by Sarah J.F. Braley | April 01, 2013
There's are lots of reasons why the pilots, flight attendants, mechanics and other workers at Southwest Airlines love to work for the carrier. To begin with, much like the employees of Hyatt, who get free hotel stays, those at Southwest Airlines get unlimited standby flying privileges, which extend to their spouses, dependents (up to age 22) and parents. They can also earn guest passes to give to anyone they choose. "My parents use it more than I do," says Shari Conaway, the airline's "director of people."

Job applicants must demonstrate an ability to "live the Southwest way," a concept created about eight years ago. "We look for people with that warrior spirit, who desire to be the best and to work hard, can be innovative, courageous and persevere," says Conaway.

Employees also should have what's referred to here as the "servant's heart," demonstrating terrific customer service, as well as a fun-loving attitude and showing an ability to balance work and home life. "Everyone is evaluated on all of these. That's how we find the Southwest culture in people," notes Conaway. For instance, along with expertise in flying, prospective pilots must demonstrate good people skills with both customers and flight crews; only about 40 percent of candidates meet the criteria.

The tone of Southwest's corporate culture was set from the start by Herb Kelleher, who founded the company in 1971. Now 82, Kelleher recently told Fortune magazine that "The concept is simple, but the execution takes a lot of work and a lot of attention. If you're going to pay personal attention to each of your people, for instance, and every grief and every joy that they suffer in their lives, you really have to have a tremendous network for gathering information. We want to show them they're important to us as who they are, as people."

Southwest bought AirTran in 2011, and the combined airline now is home to 48,000 employees. Culture committees at each location create fun events like marshmallow-throwing contests and pumpkin-carving parties. Systemwide "spirit parties" invite employees and guests for a big "family" reunion. More than 1,000 people used their flight privileges to attend one recent spirit event in Las Vegas. And groups take "hooky days" to go to an airport and clean planes in between flights or go out in the middle of the night to grill food for the mechanics who do the bulk of their work while others sleep.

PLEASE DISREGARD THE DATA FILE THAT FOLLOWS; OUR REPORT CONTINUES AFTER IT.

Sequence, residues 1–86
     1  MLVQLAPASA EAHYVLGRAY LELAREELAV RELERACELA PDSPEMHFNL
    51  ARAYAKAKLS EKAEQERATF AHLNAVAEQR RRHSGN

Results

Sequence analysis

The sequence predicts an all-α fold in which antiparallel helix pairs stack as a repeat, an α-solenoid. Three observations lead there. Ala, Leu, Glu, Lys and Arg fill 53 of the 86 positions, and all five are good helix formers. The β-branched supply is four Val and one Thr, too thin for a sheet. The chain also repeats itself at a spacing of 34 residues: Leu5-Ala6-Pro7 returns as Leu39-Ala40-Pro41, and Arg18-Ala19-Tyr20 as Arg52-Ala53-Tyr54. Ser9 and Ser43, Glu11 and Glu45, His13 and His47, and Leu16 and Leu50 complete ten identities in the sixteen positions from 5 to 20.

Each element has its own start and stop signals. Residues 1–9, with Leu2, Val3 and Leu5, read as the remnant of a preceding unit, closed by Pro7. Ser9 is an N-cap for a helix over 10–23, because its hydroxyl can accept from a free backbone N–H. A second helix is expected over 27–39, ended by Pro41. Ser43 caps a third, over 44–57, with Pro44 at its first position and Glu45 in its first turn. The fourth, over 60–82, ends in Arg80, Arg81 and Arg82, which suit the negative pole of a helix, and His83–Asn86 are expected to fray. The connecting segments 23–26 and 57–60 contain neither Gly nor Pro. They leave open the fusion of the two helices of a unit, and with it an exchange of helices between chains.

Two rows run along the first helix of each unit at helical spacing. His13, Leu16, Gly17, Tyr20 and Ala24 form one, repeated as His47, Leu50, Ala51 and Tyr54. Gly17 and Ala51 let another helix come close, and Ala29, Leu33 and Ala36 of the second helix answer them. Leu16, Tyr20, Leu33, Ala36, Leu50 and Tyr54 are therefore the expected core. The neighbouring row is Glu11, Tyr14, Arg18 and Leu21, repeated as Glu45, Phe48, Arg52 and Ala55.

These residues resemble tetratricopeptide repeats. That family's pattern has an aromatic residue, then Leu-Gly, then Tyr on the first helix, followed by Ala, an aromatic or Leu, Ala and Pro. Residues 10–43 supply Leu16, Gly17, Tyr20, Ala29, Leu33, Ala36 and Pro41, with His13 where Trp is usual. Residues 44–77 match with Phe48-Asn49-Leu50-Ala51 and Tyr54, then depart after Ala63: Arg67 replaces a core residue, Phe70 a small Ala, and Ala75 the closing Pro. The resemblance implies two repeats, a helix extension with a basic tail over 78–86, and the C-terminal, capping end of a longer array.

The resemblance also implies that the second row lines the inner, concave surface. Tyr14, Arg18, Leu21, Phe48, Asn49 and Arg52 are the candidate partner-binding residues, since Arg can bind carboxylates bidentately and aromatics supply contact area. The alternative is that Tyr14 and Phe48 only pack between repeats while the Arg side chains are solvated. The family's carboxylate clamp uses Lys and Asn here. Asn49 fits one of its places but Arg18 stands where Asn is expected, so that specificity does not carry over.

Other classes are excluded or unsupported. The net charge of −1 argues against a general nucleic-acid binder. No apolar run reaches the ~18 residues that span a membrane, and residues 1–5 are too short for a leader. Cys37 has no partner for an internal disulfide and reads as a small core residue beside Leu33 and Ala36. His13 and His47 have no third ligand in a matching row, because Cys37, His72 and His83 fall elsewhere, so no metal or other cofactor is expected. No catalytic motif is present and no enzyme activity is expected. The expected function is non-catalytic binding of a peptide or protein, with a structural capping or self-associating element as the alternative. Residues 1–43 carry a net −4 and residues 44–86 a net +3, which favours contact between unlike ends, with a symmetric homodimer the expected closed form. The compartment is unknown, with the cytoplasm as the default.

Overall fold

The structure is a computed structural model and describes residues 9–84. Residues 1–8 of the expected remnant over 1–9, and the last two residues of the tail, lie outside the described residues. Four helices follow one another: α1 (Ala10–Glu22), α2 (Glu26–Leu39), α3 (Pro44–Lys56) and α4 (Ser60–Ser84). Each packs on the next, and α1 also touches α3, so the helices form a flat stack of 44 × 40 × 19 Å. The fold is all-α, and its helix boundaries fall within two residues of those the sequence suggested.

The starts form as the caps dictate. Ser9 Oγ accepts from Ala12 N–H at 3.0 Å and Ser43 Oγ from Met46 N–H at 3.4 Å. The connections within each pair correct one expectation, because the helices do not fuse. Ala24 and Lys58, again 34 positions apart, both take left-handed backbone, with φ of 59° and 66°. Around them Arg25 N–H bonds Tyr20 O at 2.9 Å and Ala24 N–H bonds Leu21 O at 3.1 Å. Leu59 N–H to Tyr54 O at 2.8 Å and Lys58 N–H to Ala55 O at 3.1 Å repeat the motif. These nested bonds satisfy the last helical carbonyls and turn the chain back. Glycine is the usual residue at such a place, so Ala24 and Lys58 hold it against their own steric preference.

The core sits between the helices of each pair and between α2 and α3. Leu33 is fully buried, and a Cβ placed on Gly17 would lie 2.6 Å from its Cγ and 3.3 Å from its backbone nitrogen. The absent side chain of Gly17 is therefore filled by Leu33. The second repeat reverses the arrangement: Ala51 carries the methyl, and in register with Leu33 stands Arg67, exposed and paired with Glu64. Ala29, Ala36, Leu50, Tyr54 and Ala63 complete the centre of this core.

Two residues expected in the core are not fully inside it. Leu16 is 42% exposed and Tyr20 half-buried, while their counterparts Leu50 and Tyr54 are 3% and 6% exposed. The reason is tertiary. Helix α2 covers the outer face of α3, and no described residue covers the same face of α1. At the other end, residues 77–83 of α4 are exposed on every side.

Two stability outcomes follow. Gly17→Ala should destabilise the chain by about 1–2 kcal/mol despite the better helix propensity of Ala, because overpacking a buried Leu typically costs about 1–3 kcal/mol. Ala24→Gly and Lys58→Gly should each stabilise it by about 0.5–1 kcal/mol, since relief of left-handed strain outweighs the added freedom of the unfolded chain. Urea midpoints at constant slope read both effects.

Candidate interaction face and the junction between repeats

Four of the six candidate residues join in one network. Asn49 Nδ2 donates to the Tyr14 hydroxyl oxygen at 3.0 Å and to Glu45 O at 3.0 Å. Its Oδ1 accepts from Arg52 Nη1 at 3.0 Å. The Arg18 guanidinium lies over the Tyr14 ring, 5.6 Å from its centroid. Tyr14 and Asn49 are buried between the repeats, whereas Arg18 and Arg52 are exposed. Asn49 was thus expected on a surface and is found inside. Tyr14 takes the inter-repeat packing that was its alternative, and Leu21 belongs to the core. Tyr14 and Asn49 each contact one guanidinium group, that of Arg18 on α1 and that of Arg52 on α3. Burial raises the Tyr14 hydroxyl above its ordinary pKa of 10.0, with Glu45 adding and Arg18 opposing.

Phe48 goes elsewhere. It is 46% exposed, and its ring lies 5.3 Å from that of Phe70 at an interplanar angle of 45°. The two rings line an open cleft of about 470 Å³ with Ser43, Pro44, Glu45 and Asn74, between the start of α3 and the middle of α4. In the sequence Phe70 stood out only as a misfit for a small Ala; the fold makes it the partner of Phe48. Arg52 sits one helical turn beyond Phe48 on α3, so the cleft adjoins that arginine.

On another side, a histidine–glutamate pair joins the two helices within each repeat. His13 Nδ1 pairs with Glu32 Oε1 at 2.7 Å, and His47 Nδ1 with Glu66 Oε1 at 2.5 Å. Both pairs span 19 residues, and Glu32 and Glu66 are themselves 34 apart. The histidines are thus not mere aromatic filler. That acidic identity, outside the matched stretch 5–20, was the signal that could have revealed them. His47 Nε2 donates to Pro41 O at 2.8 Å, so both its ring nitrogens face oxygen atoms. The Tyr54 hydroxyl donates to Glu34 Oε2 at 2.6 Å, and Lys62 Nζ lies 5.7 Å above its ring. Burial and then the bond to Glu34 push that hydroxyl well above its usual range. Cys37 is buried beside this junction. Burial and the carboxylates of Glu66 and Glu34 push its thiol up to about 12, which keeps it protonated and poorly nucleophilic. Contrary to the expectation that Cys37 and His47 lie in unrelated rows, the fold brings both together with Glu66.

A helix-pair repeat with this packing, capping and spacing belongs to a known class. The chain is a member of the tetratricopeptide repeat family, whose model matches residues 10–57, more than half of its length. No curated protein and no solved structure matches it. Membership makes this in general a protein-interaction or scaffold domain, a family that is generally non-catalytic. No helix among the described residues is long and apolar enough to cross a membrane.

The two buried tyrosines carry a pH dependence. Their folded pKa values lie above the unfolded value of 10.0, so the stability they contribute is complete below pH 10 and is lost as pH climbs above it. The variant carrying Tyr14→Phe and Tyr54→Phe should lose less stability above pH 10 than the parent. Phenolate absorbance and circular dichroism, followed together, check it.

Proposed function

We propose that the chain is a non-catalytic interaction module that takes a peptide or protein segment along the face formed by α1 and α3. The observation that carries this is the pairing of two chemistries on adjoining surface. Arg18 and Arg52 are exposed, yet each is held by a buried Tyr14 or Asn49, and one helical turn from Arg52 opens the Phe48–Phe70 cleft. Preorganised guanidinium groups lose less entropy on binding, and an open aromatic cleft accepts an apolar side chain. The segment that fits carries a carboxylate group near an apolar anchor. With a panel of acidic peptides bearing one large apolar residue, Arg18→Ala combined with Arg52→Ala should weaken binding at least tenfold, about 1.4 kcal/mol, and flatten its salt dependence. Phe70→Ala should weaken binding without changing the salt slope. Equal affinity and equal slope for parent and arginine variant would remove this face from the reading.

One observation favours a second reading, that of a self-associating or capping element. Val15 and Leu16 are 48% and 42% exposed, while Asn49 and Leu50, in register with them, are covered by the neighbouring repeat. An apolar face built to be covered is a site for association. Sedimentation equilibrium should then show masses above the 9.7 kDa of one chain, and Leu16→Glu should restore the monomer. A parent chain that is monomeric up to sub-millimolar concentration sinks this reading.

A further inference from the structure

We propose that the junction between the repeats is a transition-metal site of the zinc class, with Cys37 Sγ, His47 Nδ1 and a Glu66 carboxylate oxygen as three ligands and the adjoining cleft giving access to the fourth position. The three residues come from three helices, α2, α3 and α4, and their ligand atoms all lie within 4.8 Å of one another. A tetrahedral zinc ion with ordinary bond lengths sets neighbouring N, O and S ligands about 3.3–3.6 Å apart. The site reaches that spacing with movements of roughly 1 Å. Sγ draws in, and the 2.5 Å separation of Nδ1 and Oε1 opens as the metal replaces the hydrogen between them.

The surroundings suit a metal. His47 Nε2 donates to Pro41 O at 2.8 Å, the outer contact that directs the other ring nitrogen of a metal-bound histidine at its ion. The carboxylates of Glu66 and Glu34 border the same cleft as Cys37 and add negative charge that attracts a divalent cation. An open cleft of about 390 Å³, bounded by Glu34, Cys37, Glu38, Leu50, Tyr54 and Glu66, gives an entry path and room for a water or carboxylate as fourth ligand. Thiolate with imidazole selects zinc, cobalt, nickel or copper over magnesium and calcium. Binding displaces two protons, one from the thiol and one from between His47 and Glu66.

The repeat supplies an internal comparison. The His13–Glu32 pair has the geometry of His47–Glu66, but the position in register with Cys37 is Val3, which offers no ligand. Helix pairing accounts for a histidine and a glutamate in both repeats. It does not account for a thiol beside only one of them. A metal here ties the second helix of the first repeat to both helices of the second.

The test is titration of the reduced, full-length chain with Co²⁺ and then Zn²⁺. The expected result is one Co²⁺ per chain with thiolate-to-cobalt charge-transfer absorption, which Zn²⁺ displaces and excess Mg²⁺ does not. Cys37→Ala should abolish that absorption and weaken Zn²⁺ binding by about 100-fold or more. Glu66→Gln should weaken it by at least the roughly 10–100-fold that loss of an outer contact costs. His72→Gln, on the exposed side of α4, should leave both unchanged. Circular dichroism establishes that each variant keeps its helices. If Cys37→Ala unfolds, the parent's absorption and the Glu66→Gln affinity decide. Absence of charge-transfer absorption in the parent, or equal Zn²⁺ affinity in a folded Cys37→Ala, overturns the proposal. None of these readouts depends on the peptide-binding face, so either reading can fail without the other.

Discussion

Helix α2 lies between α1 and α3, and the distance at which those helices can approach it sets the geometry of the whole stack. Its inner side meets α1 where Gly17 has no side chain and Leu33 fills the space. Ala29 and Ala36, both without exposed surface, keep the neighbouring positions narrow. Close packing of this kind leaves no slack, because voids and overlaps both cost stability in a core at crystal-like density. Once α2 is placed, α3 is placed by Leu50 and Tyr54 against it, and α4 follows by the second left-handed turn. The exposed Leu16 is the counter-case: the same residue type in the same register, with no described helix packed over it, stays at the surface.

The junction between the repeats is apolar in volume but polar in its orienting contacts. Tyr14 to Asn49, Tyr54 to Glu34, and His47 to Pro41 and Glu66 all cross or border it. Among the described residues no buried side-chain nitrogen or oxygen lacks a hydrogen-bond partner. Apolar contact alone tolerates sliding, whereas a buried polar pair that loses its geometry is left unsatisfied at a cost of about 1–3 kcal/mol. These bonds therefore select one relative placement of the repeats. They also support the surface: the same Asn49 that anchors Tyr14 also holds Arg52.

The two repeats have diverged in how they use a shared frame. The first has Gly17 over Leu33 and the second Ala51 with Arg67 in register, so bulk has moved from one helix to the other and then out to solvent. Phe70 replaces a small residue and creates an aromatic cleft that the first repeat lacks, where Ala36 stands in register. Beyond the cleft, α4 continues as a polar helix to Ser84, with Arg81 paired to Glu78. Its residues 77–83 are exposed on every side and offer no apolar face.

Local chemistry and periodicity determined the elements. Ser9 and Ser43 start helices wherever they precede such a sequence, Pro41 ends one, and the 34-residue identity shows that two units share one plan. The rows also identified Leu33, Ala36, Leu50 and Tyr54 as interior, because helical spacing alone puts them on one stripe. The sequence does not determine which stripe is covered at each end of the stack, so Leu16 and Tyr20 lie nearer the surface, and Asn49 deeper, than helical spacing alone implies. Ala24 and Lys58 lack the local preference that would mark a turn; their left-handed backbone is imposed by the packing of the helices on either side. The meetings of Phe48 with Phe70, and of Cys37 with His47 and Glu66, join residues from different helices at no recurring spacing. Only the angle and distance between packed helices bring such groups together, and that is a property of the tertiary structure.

Some company benefits are more traditional; for instance, the 401K match extends up to 9.3 percent of a person's salary, and after a year of service employees can participate in profit-sharing. Southwest's University for People offers career-development classes online or at the Dallas campus, ranging from computer skills to leadership development.

The airline has been aligned with Ronald McDonald House for years, holding two annual benefit golf tournaments, in May and October, and encouraging volunteers to cook dinners for families staying at the facilities. But employees are not limited in where they can spend their volunteer time, and every 40 hours they give to an organization earns a roundtrip ticket that the charity can raffle off during its fundraisers.

In addition to all of the above, says Conaway, "Ticket agents, pilots, and flight attendants can trade shifts, pick up shifts — they love the ability to do that. And flight attendants can buddy-bid with their friends, so they know who they are going to fly with."

As founder Kelleher told Fortune, an employee once sent him a note saying, "Herb, I finally got it. You're making work fun, and home is work."